development module explores the Principles of the Concordat and the
resulting responsibilities for staff. The module serves to foster conversations
that nurture a positive and inclusive culture in which researchers take
responsibility for the development of their personal and professional practice.
As role-related training, the module will be available to new and existing
staff as needed, allowing them to refresh their understanding of the Researcher
A research-intensive university. We employ 920 staff on research-only
contracts and 550 principal investigators (PIs) who are in receipt of grants.
The primary beneficiaries of the Researcher Development Concordat at the University
of Liverpool are those early in their research career, including postdoctoral
researchers, research associates, research assistants and early career research
and tenure-track fellows. However, we recognise that the benefits of the
Concordat activities extend to other groups who actively engage in research
within the University and who are expected to develop their research identity
as part of their career progression. These include staff on teaching and
research or teaching and scholarship contracts, clinicians, professional
support staff and technicians.
The Concordat sets out expectations and responsibilities of each
stakeholder in terms of researchers themselves, their managers (PIs), employers
and funders. It also articulates key principles for the employment; research
culture and environment; and support and management of research careers. We therefore
wanted to develop a clear and concise obligatory role-related training module
that explains the Researcher Development Concordat Principles and resulting
responsibilities for staff so that all the key Concordat stakeholders across
the University could clearly see and understand how each principle is embedded
into institutional practice.
We produced an open-access Researcher Development Concordat module which aims to provide an understanding of the Concordat, and associated responsibilities for principal investigators and research staff. The module is regularly updated and is made up of seven sections that provide information and resources on:
A brief quiz at the end reinforces understanding.
The development of talented people, and their ideas and skills, is critical to the success of our universities’ research and innovation system. At Liverpool, we are mindful that our research and innovation workforce must be supported to have dynamic, diverse careers that drive societal and economic benefits.
Inspiring, supporting and developing the diversity of people who work, or aspire to work, in research and innovation is integral to our researcher development practice. We have held the HR Excellence in Research Award since 2011, and were one of the first signatories to the 2019 revised Concordat to Support the Career Development of Researchers. We published an annual update and action plan to meet our concordat obligations, setting out how we will implement the concordat across the institution. We are also a signatory to the Technician Commitment, which is a cross-sector initiative to improve the visibility, recognition, career development and sustainability of technical careers in higher education.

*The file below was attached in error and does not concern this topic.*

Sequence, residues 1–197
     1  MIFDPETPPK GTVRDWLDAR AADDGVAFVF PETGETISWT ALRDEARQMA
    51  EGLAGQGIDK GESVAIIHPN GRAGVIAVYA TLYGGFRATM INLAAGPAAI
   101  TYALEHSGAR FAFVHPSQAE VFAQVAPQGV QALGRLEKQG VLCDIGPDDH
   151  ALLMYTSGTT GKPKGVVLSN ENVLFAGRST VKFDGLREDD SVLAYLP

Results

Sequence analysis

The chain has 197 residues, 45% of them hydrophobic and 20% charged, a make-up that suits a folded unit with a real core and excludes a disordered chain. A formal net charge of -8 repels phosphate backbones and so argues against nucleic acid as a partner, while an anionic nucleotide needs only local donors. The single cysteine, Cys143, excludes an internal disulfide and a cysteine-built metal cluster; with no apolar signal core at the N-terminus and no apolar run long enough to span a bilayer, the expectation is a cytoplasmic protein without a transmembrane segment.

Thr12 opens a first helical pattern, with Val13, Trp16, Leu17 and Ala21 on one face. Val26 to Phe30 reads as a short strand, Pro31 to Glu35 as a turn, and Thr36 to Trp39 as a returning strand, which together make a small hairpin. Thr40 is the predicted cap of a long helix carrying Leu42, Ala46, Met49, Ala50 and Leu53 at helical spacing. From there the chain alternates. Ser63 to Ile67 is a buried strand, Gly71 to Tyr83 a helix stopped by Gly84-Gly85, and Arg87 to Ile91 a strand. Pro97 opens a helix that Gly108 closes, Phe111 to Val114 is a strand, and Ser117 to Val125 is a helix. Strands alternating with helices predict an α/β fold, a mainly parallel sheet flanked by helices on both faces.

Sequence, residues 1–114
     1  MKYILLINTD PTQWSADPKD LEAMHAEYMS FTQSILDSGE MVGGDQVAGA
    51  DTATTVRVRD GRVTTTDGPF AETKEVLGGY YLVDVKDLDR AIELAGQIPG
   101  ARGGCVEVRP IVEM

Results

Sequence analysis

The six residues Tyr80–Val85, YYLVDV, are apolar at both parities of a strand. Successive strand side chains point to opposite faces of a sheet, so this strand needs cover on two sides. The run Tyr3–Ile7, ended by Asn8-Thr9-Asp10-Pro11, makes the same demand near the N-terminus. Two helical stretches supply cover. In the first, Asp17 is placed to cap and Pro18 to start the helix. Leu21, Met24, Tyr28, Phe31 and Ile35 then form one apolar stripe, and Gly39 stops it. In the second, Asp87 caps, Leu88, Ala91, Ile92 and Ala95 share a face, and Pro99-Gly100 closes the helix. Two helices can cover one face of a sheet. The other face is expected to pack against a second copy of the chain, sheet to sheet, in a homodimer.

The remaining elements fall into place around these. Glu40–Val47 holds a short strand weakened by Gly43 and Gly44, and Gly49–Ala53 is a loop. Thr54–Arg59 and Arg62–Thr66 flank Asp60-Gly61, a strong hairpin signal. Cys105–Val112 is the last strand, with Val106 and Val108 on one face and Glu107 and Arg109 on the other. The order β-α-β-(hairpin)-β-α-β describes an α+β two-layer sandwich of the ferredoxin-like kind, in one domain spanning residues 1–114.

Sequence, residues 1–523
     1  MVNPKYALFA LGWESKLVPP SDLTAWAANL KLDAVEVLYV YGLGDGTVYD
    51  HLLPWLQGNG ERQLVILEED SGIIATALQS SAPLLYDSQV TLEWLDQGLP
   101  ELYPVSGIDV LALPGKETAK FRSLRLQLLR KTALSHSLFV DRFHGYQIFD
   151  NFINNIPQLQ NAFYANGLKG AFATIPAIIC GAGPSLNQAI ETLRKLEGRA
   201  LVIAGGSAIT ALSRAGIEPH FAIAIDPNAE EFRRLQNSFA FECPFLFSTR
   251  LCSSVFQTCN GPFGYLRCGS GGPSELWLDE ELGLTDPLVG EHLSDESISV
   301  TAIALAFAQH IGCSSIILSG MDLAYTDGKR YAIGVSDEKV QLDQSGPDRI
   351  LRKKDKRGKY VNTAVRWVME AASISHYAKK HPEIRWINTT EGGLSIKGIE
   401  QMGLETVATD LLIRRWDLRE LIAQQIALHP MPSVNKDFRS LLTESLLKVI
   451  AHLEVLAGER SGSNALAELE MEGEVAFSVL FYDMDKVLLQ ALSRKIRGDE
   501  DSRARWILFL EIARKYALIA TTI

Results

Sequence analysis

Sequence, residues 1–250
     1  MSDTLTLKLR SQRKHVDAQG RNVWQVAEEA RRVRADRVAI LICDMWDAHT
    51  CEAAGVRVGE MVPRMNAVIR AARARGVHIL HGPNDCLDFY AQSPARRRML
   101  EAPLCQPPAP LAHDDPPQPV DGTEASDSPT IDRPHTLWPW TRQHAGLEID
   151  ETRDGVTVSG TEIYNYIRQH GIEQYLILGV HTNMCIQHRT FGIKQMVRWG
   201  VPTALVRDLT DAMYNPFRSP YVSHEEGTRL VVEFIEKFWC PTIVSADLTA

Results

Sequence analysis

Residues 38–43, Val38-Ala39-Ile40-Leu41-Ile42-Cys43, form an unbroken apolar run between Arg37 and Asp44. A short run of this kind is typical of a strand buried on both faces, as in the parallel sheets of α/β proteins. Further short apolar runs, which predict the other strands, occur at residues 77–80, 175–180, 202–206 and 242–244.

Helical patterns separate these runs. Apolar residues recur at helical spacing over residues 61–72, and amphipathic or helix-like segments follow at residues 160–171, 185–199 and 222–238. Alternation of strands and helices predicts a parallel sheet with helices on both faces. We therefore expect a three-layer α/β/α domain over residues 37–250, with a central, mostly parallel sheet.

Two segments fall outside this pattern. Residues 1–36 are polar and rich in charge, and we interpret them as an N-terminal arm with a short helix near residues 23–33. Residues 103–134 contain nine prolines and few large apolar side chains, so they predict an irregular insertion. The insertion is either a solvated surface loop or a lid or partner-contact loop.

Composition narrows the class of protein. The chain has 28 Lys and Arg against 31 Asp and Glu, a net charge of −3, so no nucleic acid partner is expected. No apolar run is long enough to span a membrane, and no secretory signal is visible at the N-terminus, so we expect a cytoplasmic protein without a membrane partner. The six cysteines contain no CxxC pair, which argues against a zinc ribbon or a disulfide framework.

A lack of understanding of
the benefits of being signatories to the Concordat can on occasion limit the
opportunities and initiatives that researchers at all career levels engage
with. Therefore, this development module, the first of its kind in the higher education
sector, aims to further enhance the environment, career and professional
development of researchers, managers of researchers and professional colleagues
supporting our researcher community. It serves to foster understanding and
conversations that nurture a positive and inclusive culture in which
researchers take responsibility for the development of their personal and
The success of the module is evident in the following notable outputs and outcomes:
Feedback for the module includes:
The Academy’s Researcher Development team regularly receive emails from
colleagues in external universities complimenting the module. For example,
“This is a great way of raising awareness of the RDC. I work at [institutional
name redacted] and am tasked with raising awareness of HREiR [HR Excellence in
Research] and the RDC and this open access module has given me lots of ideas.
Thank you for making it open access so an external can do it.”
We recommend that providing bite-sized information that can be accessed
in many different formats and across many different platforms will increase
engagement with and understanding of the Concordat. Most importantly, providing
information about the Concordat in this manner empowers researchers to take
responsibility for the development of their personal and professional practice
and to foster conversations that nurture a positive and inclusive culture.
Keywords: Training Professional development Research identity Research culture Induction Career progression Policy Equality, diversity and inclusion Research integrity Wellbeing Researcher voice Bullying and harassment Flexible working Job security Working conditions Performance management Career management Diverse careers Leadership development Research assessment Recognition Open Transparent and Merit-based (OTM) recruitment and progression